Below: the puppets

Above and below, The Hero Twins

Above and below: Mictlanteluhtli

Below: the Maize God, Hun Hunahpu

Below: creating worlds

When I was a boy I was never happier than when creating entire worlds. Toy theatres complete with full sets for various narratives crowded my bedroom shelves. There were the Norman castles and the Roman gladiatorial arenas, the haunted woods and the Carpathian ruins that fascinated me, the dinosaurs, mythic creatures and the gods and goddesses of ancient cultures all mixed up with elaborate dioramas of my favourite superheroes. I was never happier than when working with Plasticene, cardboard, Balsa wood, paint and wire. I see this same, ferocious ‘child-creator’ outpouring in Leonard, undilute and joyful, and I think it’s incredible he’s held onto it in a way that is entirely intact and untroubled by the later concerns… and influences.. of life. Most of us get all this stuff beaten out of us at some point, but Leonard has held fast to his ‘worlds’, and made them realities.

Claire Crystal: a late arrival

Claire Crystal

Rachel Larkins, who made the Thumbelina puppet in Post No 2,  wrote to me:

“I am sending you some images by one of the students of the Extended Diploma course of the university where I work part-time. Claire happened to be working on her own puppet project – an imaginary/mythical creature- during the summer term. This was her first foray into puppet-making, and she documented it brilliantly, and so I am sending an image of that too, just in case you’d like to include it.”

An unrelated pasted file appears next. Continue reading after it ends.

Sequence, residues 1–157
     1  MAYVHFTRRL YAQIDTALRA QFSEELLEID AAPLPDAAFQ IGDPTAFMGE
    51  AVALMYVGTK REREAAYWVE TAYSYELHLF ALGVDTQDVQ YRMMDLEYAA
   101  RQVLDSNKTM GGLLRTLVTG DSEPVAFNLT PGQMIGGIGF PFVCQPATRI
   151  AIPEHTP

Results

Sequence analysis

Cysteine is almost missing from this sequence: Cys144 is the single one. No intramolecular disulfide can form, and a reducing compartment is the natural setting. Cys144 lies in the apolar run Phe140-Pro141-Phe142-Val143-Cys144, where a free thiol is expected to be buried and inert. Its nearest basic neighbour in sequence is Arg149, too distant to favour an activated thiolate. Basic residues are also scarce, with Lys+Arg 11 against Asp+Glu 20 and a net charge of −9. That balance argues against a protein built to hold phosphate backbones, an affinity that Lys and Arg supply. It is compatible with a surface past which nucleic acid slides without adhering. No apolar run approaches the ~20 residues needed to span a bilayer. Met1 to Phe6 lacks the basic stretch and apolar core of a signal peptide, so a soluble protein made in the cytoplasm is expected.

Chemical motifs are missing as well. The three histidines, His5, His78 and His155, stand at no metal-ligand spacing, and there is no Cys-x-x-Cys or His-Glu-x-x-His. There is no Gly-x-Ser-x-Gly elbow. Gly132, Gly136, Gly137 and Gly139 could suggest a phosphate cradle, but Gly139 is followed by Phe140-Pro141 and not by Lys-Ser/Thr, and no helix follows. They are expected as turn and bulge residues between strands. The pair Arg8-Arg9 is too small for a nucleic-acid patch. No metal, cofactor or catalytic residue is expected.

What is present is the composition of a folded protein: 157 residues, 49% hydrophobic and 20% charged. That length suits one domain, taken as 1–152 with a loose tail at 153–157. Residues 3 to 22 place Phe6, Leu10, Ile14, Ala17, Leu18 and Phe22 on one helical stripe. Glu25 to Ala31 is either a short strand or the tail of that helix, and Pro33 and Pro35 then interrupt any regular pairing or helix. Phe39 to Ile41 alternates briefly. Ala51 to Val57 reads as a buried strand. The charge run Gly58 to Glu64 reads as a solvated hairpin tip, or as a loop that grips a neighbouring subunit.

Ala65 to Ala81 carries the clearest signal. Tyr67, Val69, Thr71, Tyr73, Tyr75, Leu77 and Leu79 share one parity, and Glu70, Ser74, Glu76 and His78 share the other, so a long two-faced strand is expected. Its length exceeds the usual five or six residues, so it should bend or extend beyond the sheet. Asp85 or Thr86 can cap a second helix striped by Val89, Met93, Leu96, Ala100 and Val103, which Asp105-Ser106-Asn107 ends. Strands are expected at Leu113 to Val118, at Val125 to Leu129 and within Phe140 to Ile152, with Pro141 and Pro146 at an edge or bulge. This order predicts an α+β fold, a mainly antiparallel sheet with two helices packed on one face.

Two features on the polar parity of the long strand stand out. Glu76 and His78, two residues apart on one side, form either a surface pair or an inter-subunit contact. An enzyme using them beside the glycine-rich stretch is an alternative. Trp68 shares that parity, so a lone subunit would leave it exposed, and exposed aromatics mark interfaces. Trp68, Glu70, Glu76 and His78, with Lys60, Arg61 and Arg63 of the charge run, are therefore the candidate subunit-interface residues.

Claire’s puppet, with its green eyes and gentle expression, is beautiful, and I’m happy to include it here. I know nothing about Claire save what Rachel told me, and I fear Google hasn’t yielded any more information. Here’s the image Rachel included of Claire’s workbook.

Claire Crystal sketchbook

Alphabet Soup: Narrative artists – Shellie Byatt and Betty Pennell

Here be stories.

Shellie Byatt is the co-curator, and really the onlie begetter of this exhibition, it was her idea, after Clive’s folding alphabet primer and the open maquette exhibition at the Artlog, to have another on the alphabet theme, and her suggestion to make the black-and-white+1 stipulation.  As it says on her website, her images tell tales.

Here are her four offerings:


A lady in a lemon tree

S is for sleeping


(Personally I am more than a little captivated by the Lady in the Lemon Chair.)


Shellie’s friend Betty Pennell has submitted five images.  Betty says of her work:

Although I do make preliminary studies using a combination of photographs and sketches, memory has a greater role in the final work.  I sometimes find a perfect setting and a sense of place for my narrative paintings during visits to country houses throughout Britain, with their historic buildings and magnificent gardens in which I can imagine figures in mysterious situations.

Betty often works in black-and-white; to me this enhances the elements of elusiveness and memory, so that  these images seem to suggest something  known long ago but since forgotten.

She didn’t  want to apply any lettering to the pictures, so the captions added are those she attached to the images when she sent them.












More tomorrow.

(Lucy Kempton, minding the Artlog while Clive’s away!)